Around college basketball: McDermott a three-time All-American

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Creighton senior forward Doug McDermott was a unanimous choice for the Associated Press All-America team yesterday, becoming the first three-time choice in 29 years and the 11th player overall to do so.

McDermott, who led the nation in scoring at 26.9 points a game, joins Oscar Robertson, Lew Alcindor, Pete Maravich and Bill Walton, among others. The last three-timers were Patrick Ewing of Georgetown and Wayman Tisdale of Oklahoma from 1982 to ’85.

“Never in my wildest dreams did I imagine being with names of that caliber,” McDermott said.

Three other seniors joined McDermott: Russ Smith of Louisville, Shabazz Napier of Connecticut and Sean Kilpatrick of Cincinnati, all from the American Athletic Conference. Freshman Jabari Parker of Duke was the other first-teamer.

Kilpatrick (20.7 points, 4.4 rebounds, 2.6 assists) is Cincinnati’s first All-American since Steve Logan in 2001-02.

Michigan sophomore Nik Stauskas (17.5 points per game) was named to the second team.

No surprise: Jayhawks’ Wiggins opts for NBA

Kansas freshman Andrew Wiggins made official what he had been saying all along: He is headed to the NBA after his only season with the Jayhawks.

The 6-foot-8 forward, who was voted second-team All-America, is expected to go among the top three picks in the June draft.

“It wasn’t an easy decision because the fans showed me so much love here,” Wiggins said. “I just wish I had more time. College goes by so fast. I can see why people stay all four years.”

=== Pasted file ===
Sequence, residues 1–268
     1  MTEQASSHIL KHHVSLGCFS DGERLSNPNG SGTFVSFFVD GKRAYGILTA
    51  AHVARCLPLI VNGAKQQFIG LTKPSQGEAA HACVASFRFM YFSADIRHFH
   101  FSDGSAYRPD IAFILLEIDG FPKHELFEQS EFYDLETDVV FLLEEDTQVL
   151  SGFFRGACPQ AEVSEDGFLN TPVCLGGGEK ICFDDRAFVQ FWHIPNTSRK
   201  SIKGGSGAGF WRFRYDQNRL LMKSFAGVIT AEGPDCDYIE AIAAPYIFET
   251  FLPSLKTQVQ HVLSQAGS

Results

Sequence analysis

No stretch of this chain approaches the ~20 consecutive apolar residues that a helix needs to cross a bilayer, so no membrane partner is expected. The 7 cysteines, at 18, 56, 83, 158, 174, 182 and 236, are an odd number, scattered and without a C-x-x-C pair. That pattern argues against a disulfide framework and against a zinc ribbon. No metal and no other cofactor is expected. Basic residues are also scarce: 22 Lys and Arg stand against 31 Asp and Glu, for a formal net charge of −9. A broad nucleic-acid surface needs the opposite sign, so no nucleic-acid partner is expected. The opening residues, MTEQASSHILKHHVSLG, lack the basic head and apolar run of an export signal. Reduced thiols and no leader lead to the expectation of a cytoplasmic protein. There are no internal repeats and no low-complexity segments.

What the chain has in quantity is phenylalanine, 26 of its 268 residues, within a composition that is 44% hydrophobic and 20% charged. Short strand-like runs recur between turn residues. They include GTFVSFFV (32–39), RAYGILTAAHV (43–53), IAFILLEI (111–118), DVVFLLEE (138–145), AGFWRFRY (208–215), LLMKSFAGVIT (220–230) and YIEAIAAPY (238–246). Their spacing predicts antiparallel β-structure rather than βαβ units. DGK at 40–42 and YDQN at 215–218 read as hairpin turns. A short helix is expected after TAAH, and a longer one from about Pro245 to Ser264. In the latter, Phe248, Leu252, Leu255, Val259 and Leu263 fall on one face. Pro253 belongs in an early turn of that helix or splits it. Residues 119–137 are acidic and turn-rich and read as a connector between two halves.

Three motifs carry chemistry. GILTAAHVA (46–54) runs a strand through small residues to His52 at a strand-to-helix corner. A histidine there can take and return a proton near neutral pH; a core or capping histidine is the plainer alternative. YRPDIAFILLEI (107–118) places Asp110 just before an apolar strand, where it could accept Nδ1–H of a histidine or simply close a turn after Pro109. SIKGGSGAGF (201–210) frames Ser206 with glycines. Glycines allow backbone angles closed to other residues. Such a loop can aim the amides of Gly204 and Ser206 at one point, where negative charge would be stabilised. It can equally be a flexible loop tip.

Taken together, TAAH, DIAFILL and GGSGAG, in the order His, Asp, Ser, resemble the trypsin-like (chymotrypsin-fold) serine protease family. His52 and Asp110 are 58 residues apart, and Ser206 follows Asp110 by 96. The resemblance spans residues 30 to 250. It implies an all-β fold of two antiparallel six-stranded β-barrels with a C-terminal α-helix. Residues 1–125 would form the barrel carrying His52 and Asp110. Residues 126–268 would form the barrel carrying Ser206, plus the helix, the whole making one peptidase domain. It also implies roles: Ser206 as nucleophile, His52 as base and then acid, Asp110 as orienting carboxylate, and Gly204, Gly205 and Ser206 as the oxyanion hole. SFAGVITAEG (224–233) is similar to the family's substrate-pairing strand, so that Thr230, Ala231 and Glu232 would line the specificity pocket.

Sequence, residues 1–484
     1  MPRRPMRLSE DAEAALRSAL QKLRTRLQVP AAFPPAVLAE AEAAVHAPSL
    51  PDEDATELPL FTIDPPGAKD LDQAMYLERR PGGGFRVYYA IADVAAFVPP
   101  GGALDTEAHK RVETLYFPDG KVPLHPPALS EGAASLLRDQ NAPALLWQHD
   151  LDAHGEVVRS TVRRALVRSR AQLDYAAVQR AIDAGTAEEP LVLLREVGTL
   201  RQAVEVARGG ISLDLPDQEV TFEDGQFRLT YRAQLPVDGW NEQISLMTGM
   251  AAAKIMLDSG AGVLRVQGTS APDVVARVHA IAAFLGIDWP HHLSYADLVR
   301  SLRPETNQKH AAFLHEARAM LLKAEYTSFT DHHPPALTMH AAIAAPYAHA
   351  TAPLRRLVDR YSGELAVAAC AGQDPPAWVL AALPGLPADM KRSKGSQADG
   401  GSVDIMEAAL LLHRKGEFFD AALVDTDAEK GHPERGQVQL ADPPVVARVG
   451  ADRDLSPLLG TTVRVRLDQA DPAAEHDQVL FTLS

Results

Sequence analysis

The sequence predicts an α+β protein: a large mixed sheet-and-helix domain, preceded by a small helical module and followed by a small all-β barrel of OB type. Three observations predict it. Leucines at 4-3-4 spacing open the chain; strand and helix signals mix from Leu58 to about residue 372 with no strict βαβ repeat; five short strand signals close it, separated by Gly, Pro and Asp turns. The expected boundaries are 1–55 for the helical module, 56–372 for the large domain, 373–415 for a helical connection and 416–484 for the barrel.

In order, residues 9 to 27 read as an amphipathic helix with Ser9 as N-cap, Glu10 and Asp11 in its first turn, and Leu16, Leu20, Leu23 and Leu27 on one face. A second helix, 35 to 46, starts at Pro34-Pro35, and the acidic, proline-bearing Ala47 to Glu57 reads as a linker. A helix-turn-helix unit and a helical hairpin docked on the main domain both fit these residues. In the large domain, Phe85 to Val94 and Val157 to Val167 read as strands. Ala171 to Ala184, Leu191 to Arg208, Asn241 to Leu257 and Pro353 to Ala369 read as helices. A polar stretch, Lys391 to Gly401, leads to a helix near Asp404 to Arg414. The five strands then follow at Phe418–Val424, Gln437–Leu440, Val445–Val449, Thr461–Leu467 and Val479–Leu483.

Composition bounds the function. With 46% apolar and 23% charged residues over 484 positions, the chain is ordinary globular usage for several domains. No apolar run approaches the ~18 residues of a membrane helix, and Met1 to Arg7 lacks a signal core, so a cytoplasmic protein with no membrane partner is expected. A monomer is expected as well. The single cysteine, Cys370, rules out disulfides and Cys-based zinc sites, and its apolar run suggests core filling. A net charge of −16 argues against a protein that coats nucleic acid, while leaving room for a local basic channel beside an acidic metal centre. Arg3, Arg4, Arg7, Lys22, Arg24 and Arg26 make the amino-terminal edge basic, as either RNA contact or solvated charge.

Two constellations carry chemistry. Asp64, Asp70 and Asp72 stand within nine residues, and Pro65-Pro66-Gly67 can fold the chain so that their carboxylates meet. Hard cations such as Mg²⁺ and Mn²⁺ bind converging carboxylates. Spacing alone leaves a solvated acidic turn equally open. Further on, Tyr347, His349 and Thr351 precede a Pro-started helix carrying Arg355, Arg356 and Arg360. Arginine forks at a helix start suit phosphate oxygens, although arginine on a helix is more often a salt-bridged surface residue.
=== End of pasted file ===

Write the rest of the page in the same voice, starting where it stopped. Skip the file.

Wiggins was the top-rated recruit when he arrived at Kansas. He averaged 17.4 points and 6.0 rebounds in an up-and-down season that ended in an NCAA tournament loss to underdog Stanford.

Coaching carousel

• South Florida hired Kentucky assistant Orlando Antigua as coach. Antigua, 41, has spent the past six seasons working under John Calipari, five of them at Kentucky. Antigua replaces the fired Stan Heath, and comes less than a week after USF’s hiring Steve Masiello of Manhattan fell apart because Masiello doesn’t have a college diploma.

• Washington State hired Ernie Kent as coach, four years after he was let go by Oregon. Between 1997 and 2010, Kent took the Ducks to five NCAA tournaments, including two trips to the Elite Eight. He replaces Ken Bone.

• Mike Montgomery is retiring after a college coaching career spanning 32 seasons, the final six at California.

Montgomery, 67, finishes with a 677-317 record, also having spent 18 years at Stanford and eight at Montana, beginning in 1978. He had one trip to the Final Four, in 1998 with the Cardinal.

He spent two seasons as coach of the NBA’s Golden State Warriors, going 68-96 in between stints at Stanford and Cal.

• Duke assistant Steve Wojciechowski interviewed for the Marquette job, a source told the Associated Press.

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